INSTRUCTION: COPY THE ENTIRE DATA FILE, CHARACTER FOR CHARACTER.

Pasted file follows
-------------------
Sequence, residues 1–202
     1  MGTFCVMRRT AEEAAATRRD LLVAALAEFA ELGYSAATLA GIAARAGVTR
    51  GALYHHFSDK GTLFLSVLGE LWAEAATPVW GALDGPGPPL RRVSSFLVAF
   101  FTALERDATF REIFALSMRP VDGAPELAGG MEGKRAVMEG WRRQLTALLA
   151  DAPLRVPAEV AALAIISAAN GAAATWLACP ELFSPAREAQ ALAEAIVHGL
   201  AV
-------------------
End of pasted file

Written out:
Sequence, residues 1–202
     1  MGTFCVMRRT AEEAAATRRD LLVAALAEFA ELGYSAATLA GIAARAGVTR
    51  GALYHHFSDK GTLFLSVLGE LWAEAATPVW GALDGPGPPL RRVSSFLVAF
   101  FTALERDATF REIFALSMRP VDGAPELAGG MEGKRAVMEG WRRQLTALLA
   151  DAPLRVPAEV AALAIISAAN GAAATWLACP ELFSPAREAQ ALAEAIVHGL
   201  AV